mise à jour du
21 mars 2002
cas cliniques
The yawning reflex : an upper motor neuron sign in amyoytrophic lateral sclerosis
David R Williams
the Alfred Hospital, Melbourne, Australia


Yawning has been observed in most vertebrates. Its physiologic signifiance and the central nervous mechanisms triggering and coordinating its various components are unclear. In man, yawning has been discribed in cases of frontal lobe tumors, encephalitis, progressive supranuclear palsy, following thalamotomy, after electroconvulsive therapy and as an early manifestation of vasovagal response.
Case report : a 64 yaer old woman with hypertension, ischemic heart disease, and type II diabetes mellitus was admitted to stroke unit with a 2 day history of occipital haedache, dysarthria, and dysphagia. She had a 6-month history of increasingly frequent paroxysms of yawning. At the time of presentation, her paroxysms were occurring nightly. Each paroxysm consisted of 20 to 30 yawns in succession, which she described as uncontrollable and socially embarrassing. Tlhese paroxysms were followed by a period of painful cramping sensations in the pharynx and neck. The patient's dysarthria and dysphagia had resolved by the time of her admission and the neurologie examination was normal; in particular there were no signs of a pseudobulbar or bulbar palsy. A noncontrast CT scan was normal. Serum electrolytes and oxygen saturation were normal. The patient was assumed to have had a brainstem ischemie stroke and she was discharged on aspirin.
The frequency of her paroxysms of yawning increased over the next 3 months, occurring up to 7 te, 10 times each evening. Each bout consisted of 20 to 30 yawns in succession followed by painful cramping and a sensation of choking. She began to gag as sbe tried to swallow solids. Her paroxysms were suppressed by thioridazine 10 mg twice daily.
Two months later the patient remained free of paroxysms of yawning although she continued to complain of dysphagia. Her troublesome yawning recommenced when her thioridazine was discontinued. She had evidence of a mixed bulbar and pseudobulbar palsy clinically, although the clinical examination was otherwise normal. Nerve conduction studies and an electromyogram revealed evidence of denervation in all extremities and was thought to be consistent with motor neuron disease. An MRI showed no ischemic or other abnormality in the brainstem or elsewhere. Her yawning became less evident as her bulbar palsy progressed. She died of pneumonia, presumably due to aspiration, 24 months after the onset of her yawning. A postmortem was not obtained.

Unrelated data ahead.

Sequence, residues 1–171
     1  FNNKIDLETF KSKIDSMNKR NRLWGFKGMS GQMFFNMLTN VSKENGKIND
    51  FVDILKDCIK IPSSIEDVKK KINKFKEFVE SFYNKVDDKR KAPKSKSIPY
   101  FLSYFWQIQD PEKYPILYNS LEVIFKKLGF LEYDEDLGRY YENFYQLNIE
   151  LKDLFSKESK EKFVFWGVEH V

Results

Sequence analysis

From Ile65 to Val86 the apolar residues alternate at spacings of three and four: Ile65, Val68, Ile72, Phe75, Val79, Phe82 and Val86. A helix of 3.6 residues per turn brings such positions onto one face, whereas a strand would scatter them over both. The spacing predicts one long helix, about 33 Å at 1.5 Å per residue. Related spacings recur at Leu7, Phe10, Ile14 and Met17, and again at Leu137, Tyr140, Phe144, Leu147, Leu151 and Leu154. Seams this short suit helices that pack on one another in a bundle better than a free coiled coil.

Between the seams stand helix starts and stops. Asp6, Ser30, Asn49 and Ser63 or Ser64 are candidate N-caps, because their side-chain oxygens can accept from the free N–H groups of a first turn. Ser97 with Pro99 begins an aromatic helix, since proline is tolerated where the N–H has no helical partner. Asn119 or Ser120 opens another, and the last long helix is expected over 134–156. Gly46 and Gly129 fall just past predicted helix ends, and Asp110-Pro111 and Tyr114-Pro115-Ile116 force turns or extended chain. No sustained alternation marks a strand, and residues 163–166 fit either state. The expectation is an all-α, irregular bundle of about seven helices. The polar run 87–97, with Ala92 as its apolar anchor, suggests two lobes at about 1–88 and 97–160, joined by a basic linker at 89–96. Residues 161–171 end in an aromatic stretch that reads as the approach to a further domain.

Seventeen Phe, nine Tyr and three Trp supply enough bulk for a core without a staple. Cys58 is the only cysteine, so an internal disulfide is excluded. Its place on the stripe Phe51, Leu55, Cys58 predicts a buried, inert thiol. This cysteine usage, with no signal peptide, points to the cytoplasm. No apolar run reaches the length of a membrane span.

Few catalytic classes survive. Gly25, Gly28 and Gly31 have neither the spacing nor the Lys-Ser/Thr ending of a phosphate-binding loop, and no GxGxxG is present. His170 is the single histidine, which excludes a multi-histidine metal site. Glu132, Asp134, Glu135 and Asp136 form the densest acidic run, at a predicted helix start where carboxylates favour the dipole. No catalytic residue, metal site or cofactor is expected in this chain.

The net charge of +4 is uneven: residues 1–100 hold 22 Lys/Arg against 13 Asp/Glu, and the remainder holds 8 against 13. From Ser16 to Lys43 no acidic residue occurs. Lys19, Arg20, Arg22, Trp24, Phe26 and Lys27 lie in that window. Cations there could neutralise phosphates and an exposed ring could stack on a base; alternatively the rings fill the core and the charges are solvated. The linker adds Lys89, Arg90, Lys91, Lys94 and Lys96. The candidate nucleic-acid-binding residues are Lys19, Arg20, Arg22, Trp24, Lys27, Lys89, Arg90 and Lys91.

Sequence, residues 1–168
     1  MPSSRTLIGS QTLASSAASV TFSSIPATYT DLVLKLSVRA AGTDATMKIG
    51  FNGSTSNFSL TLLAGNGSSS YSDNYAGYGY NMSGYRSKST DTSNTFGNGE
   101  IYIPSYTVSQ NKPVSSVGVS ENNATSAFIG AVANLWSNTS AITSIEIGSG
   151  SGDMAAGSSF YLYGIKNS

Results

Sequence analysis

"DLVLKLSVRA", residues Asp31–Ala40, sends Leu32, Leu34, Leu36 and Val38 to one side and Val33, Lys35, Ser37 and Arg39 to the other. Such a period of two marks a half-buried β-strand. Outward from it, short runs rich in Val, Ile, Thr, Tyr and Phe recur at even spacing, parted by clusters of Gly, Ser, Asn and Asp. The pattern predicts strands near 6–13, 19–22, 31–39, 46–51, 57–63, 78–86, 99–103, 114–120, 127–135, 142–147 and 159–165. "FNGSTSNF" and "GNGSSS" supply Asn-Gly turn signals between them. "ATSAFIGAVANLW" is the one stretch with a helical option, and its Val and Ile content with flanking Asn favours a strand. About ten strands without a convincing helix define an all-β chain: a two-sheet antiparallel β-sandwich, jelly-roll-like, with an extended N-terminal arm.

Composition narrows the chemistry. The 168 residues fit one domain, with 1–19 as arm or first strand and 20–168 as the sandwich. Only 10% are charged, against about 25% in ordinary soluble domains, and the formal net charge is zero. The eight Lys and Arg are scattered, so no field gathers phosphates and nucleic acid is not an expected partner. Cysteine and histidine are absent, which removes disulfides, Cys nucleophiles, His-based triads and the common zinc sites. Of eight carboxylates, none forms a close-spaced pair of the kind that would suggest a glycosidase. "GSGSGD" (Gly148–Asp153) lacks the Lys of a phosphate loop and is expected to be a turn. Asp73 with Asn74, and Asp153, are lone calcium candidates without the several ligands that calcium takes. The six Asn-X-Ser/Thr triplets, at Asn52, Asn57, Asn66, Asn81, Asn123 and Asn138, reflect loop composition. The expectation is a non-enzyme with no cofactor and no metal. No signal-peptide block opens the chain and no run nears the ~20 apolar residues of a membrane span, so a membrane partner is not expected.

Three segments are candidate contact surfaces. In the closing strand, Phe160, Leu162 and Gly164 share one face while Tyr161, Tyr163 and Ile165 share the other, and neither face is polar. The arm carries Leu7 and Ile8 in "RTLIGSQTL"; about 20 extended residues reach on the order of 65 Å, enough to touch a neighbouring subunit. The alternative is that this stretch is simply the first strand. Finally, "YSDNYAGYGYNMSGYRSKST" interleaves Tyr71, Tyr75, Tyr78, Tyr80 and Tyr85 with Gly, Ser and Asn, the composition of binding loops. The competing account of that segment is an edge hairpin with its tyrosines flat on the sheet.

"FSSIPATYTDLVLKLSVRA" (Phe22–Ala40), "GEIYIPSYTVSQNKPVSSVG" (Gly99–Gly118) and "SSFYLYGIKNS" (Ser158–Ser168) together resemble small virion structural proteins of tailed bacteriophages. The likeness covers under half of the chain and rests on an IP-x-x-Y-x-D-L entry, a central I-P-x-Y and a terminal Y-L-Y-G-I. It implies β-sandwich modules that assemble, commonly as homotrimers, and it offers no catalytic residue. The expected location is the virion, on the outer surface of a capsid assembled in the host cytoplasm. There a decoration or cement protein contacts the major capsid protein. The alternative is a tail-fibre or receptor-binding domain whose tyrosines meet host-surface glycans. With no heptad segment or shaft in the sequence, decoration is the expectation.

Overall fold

Discussion : Although yawning bas been widely reported in vertebrates, its physiologie role is unclear. It is usually perceived as an act of inspiration often associated with stretching. In fact, there is no evidence that yawning is a response to oxygen or carbon dioxide levels. It chiefly occurs during transitions from wakefulness to sleep or sleep to wakefulness. It increases arousal, as assessed by skin conductance, and has a greater cumulative effect than mouth opening or deep breathing alone.
The pathways involved in yawning have not been fully defined, although the diencephalon, reticular formation, and midbrain are involved in the characteristic slow involuntary gaping movements of the mouth. In rodents, yawning is initiated in the hypothalamus. Yawning may be influenced by a number of neurotransmitters and neuropeptides. It is facilitated by neurons in the paraventricular nucleus of the hypothalamus by oxytocin, excitatory amino acids, dopamine, and dopaminergic agonists such as apomorphine, and appears to require the action of both DI and D2 receptors. Dopaminergic antagonists may inhibit yawning as seen in the patient reported here. The hypothalamus projects to bulbar and spinal cord nuclei where the complex activity associated with yawning is generated.
Yawning may be inhibited by mature humans. The brainstem and spinal neurons involved must be subject to cortical influences that can only be expressed if the upper motor neuron pathways are intact. Thus, inhibition may be lost in pseudobulbar palsy. The ability to yawn will disappear when there is significant disturbance of the bulbar nuclei. That appeared to be the sequence in the case described here. The current case is interesting because of the unusual prominence of yawning and the apparent lack of any theoretical framework within which to account for it. Yawning may be a frequently overlooked clinical sign. Its occurrence may be useful as a subtle sign of a pseudobulbar palsy.
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